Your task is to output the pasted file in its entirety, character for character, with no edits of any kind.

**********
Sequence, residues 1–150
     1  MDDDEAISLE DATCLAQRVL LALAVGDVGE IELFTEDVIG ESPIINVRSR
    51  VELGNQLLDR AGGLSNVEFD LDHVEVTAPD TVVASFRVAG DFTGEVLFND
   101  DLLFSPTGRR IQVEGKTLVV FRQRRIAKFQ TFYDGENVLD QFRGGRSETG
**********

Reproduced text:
Sequence, residues 1–150
     1  MDDDEAISLE DATCLAQRVL LALAVGDVGE IELFTEDVIG ESPIINVRSR
    51  VELGNQLLDR AGGLSNVEFD LDHVEVTAPD TVVASFRVAG DFTGEVLFND
   101  DLLFSPTGRR IQVEGKTLVV FRQRRIAKFQ TFYDGENVLD QFRGGRSETG